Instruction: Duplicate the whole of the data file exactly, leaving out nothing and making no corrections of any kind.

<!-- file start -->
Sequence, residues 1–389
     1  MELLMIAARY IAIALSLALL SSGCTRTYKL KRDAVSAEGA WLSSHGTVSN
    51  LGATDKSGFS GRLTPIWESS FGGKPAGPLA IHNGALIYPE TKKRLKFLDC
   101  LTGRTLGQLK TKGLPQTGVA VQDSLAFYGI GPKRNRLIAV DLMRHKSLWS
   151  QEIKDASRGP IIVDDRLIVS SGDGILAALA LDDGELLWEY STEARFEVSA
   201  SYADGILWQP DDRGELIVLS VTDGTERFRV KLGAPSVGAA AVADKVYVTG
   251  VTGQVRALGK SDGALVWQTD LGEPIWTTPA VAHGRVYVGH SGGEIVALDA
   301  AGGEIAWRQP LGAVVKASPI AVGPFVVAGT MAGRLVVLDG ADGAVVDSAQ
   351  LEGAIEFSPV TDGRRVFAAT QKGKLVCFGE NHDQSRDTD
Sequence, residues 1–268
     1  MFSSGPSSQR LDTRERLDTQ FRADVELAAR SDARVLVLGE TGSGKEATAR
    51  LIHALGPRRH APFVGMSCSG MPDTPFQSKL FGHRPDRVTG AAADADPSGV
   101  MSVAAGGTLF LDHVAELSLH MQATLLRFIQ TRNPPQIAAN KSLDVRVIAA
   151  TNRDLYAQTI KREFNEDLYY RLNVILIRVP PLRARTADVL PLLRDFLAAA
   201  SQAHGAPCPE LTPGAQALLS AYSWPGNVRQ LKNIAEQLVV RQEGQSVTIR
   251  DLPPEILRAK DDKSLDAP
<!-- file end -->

Sequence, residues 1–389
     1  MELLMIAARY IAIALSLALL SSGCTRTYKL KRDAVSAEGA WLSSHGTVSN
    51  LGATDKSGFS GRLTPIWESS FGGKPAGPLA IHNGALIYPE TKKRLKFLDC
   101  LTGRTLGQLK TKGLPQTGVA VQDSLAFYGI GPKRNRLIAV DLMRHKSLWS
   151  QEIKDASRGP IIVDDRLIVS SGDGILAALA LDDGELLWEY STEARFEVSA
   201  SYADGILWQP DDRGELIVLS VTDGTERFRV KLGAPSVGAA AVADKVYVTG
   251  VTGQVRALGK SDGALVWQTD LGEPIWTTPA VAHGRVYVGH SGGEIVALDA
   301  AGGEIAWRQP LGAVVKASPI AVGPFVVAGT MAGRLVVLDG ADGAVVDSAQ
   351  LEGAIEFSPV TDGRRVFAAT QKGKLVCFGE NHDQSRDTD
Sequence, residues 1–268
     1  MFSSGPSSQR LDTRERLDTQ FRADVELAAR SDARVLVLGE TGSGKEATAR
    51  LIHALGPRRH APFVGMSCSG MPDTPFQSKL FGHRPDRVTG AAADADPSGV
   101  MSVAAGGTLF LDHVAELSLH MQATLLRFIQ TRNPPQIAAN KSLDVRVIAA
   151  TNRDLYAQTI KREFNEDLYY RLNVILIRVP PLRARTADVL PLLRDFLAAA
   201  SQAHGAPCPE LTPGAQALLS AYSWPGNVRQ LKNIAEQLVV RQEGQSVTIR
   251  DLPPEILRAK DDKSLDAP